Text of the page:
POLITICS
06/11/2018 11:52 pm ET Updated Jun 12, 2018

Dennis Rodman Gets Emotional About Trump-Kim Summit: 'I'm So Happy'

The former NBA star, who referred to Kim Jong Un as a "good friend," said the White House called him to thank him for his support.

SINGAPORE ― As the summit between U.S. President Donald Trump and North Korean leader Kim Jong Un was underway in Singapore, former NBA star Dennis Rodman broke down in tears discussing the historic meeting during an interview with CNN’s Chris Cuomo. 

“I’m so happy,” said an emotional Rodman, who arrived in Singapore on Monday to, according to him, “see what’s going on.”

“Today is a great day for everybody,” he added. 

Rodman, who was wearing a red “Make America Great Again” hat, told Cuomo that he’d long touted the possibility of wagering peace with North Korea — but said no one had believed him.

“Obama didn’t even give me the time of day. I asked him, I said, I have something to say from North Korea, and he just brushed me off,” Rodman told the CNN host. “But that didn’t deter me. I still kept going back, kept going back … I said to everybody, the door will open.

Tearing up, Rodman said he’d received “death threats” for what he’d said about North Korea. “I couldn’t even go home,” he said, his voice breaking. “But I kept my head up high, brother. I knew things were going to change.

“I’m not in this for no money,” he later added. “This is not about Dennis Rodman being the greatest person in the world that lead these two people together.” 

The former basketball player, who has visited Pyongyang several times, is one of a very small group of Westerners who has personally met with Kim, whom he referred to as a “good friend.” 

Rodman first traveled to North Korea in 2013 with a documentary crew from Vice News to hold a basketball exhibition. He sat courtside with Kim during the game and the two hit it off so well that the former NBA star has regularly visited Pyongyang since.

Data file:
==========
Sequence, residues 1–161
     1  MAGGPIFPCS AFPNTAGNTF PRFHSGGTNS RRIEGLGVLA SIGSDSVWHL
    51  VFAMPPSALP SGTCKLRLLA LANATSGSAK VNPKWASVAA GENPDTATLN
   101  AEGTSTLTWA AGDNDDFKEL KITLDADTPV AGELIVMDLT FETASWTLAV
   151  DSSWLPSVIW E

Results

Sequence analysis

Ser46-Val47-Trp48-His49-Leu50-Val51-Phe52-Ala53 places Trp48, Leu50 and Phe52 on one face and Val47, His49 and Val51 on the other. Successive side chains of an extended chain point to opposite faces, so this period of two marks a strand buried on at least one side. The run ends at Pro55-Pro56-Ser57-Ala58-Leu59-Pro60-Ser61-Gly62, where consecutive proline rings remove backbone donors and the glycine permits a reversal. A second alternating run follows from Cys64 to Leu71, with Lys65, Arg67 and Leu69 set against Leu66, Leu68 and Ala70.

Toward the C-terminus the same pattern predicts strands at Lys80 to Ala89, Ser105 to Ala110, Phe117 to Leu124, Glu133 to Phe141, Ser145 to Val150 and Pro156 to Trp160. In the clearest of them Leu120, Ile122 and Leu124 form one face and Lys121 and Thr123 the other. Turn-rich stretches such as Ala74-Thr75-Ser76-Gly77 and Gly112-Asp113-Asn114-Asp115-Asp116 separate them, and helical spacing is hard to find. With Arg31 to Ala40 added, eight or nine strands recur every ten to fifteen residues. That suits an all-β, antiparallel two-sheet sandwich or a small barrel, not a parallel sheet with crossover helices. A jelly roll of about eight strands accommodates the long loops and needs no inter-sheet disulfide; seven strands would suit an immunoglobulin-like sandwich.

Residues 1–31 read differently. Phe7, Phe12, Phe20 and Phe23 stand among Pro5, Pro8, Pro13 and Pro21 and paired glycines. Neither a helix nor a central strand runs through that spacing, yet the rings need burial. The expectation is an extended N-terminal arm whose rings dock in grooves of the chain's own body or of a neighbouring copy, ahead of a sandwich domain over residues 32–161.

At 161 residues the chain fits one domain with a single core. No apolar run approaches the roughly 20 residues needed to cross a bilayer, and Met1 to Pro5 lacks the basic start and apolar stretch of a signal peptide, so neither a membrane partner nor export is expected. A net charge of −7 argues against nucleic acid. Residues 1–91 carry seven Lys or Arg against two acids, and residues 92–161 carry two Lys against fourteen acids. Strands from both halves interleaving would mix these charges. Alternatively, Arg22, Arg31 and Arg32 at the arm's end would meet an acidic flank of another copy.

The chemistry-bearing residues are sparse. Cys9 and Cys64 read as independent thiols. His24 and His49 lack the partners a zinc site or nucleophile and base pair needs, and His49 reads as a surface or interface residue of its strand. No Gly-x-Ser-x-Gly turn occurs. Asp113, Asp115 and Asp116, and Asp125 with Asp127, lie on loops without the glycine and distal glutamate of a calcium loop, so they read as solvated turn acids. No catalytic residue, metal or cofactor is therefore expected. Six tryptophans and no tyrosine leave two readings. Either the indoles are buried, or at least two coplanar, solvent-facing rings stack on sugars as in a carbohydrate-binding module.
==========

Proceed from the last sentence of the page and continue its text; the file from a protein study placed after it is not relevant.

His most recent visit coincided with the release of American student Otto Warmbier last year, who had been imprisoned in the country for allegedly stealing a propaganda poster. Warmbier was freed but was in a coma and died just days after his return to the U.S.

Rodman later said he asked Kim to release the student “three times” during that visit, and he urged the North Korean leader to do so as an act of “good faith.” Both the State Department and Warmbier’s father denied that the basketball player had anything to do with the release, however.

When asked by Cuomo whether Kim can speak English, Rodman answered: “He’s more like a big kid, even though he’s small ― he loves to have a good time …. This guy wants to be around the world, he wants to come to America, he wants to enjoy his life, he wants his people to enjoy this life.”

Pressed again to answer whether Kim can speak or understand English, Rodman replied that he can understand “bits and pieces. If you talk about basketball, yes, he understands that.” 

“I can say one thing: People know that Kim Jong Un is not a dumb man,” he added.

Rodman made no mention during the interview of the repressive policies and practices of Kim’s regime, including the alleged murders of his relatives and the brutal imprisonment of political prisoners. When asked about the “violence” and “negativity” perpetuated by Kim in North Korea, Rodman countered that he’s “not a politician.” 

“I don’t see the politics of this whole situation. I don’t want to see that. I want to see that go away. I want to see us get along,” he told Cuomo. “To have a handshake, have a smile, have a glass of iced tea.”

Rodman ― who claimed a Trump aide had recently called him and told him that “Donald Trump is so proud of you, he thanks you a lot” ― had some words of wisdom for the president. 

Go into the meeting with Kim with your “heart on the table,” he advised Trump.

Immediately after his interview with Rodman, Cuomo told former Director of National Intelligence James Clapper that the former NBA player is “our best resource” to understanding Kim.

“I agree, Chris,” Clapper replied, “as weird as that is.” 

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